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-   -   Double hung exterior doors in same RO ?? (https://ecorenovator.org/forum/showthread.php?t=3768)

Drake 07-30-14 11:42 AM

Have talked with a couple of engineers from two major door manufactures and both seem to think it is a doable install if you have the wall depth and a couple of other layout considerations resolved. Vapor infiltration is possible(but mitigated by being fiberglass doors, and it must meet your local codes. So I feel OK in going this plan for my egress from attached garage to new living space. Is it possible to "weather(air infiltration0 seal" lock sets to any extent??

Piwoslaw 08-03-14 11:39 PM

1 Attachment(s)
Here is my grandma's double door:
http://ecorenovator.org/forum/attach...1&d=1407126460

I had my IR thermometer with me, so I did a quick check of the temperatures. The temperature of the entry hallway was 25.5C, the inner door's inside/outside surface temps were 26.5/27.7C, the temps for the outer door were 28.2/30.4C, resp., the outdoor temperature was 31-32C.

With only ~6C difference between indoor and outdoor, the effect of a double door does not show that much. In the winter I should get data with a 20-30C temp difference.

MN Renovator 08-04-14 07:49 AM

Are those solid wood doors though? Granted the aesthetics wouldn't be as nice but using a urethane core door instead of either one or both of the wooden doors would likely be an improvement. I think one urethane filled door might outperform two wooden doors plus the air gap. Even better if both were urethane core. I can't tell too well by the picture but I'm not seeing any gaskets on the visible door.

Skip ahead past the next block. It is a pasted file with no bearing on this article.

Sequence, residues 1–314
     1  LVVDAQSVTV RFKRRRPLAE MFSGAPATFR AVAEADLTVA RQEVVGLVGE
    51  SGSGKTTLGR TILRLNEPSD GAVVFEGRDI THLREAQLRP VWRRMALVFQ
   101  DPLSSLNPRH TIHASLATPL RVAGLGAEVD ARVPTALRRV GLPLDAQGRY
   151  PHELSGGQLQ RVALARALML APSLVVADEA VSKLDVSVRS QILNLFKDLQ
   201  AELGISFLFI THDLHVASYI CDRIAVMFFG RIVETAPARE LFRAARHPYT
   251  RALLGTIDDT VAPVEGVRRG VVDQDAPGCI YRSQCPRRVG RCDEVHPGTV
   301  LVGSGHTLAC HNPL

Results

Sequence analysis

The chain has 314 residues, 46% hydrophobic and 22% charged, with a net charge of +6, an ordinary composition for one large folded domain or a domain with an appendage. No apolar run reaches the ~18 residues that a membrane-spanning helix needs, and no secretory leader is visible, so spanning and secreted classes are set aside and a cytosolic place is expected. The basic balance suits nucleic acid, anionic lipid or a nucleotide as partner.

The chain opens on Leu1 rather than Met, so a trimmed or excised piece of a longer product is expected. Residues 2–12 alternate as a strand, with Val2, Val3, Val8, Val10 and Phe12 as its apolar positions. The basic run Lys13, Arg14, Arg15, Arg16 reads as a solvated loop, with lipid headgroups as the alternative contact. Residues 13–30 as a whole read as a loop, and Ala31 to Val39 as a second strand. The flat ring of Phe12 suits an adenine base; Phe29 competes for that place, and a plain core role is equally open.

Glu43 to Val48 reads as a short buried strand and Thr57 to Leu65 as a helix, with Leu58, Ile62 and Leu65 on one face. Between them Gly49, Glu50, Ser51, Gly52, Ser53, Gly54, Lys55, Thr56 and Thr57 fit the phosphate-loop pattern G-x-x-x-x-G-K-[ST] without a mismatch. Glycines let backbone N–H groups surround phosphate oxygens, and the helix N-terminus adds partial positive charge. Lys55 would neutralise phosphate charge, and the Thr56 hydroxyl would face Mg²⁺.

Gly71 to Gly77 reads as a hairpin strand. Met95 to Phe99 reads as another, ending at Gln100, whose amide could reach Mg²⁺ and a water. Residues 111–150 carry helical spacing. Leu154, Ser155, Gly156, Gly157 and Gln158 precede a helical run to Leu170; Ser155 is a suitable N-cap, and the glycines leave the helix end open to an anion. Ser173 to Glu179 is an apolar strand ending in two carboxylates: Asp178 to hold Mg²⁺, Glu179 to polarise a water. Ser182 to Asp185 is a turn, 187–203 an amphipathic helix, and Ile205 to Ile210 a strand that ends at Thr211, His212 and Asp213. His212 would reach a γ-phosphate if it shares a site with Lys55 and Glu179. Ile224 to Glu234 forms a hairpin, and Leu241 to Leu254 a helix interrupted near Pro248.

Ryland 08-05-14 08:02 AM

A double door like that is going to be annoying to use and I would only install one in a very low traffic area.

Going to a garage, you already have one air lock, the garage door, so the seal of the entrance door you install is going to get very little stress.

Having two doors like this is also going to cause you to leave both of them open longer, letting more heat out, as you fumble with both doors, so if you end up using this doorway very much it might end up being a larger heat loss then planned.

Piwoslaw 08-05-14 02:31 PM

Quote:

Originally Posted by MN Renovator (Post 39536)
Are those solid wood doors though? Granted the aesthetics wouldn't be as nice but using a urethane core door instead of either one or both of the wooden doors would likely be an improvement. I think one urethane filled door might outperform two wooden doors plus the air gap. Even better if both were urethane core. I can't tell too well by the picture but I'm not seeing any gaskets on the visible door.

Wood they are, Grandma would not accept anything less natural.

Quote:

Originally Posted by Ryland (Post 39556)
A double door like that is going to be annoying to use and I would only install one in a very low traffic area.

Going to a garage, you already have one air lock, the garage door, so the seal of the entrance door you install is going to get very little stress.

Having two doors like this is also going to cause you to leave both of them open longer, letting more heat out, as you fumble with both doors, so if you end up using this doorway very much it might end up being a larger heat loss then planned.

The entrance hallway is already an airlock. If visitors are expected, then the internal door can be left open and the setup works as if there was only one, external door.
I know from years of practice that if you have both hands free, then you can minimize the time that the doors are open, reducing drafts: When opening the second door, I am already closing the first door behind me.


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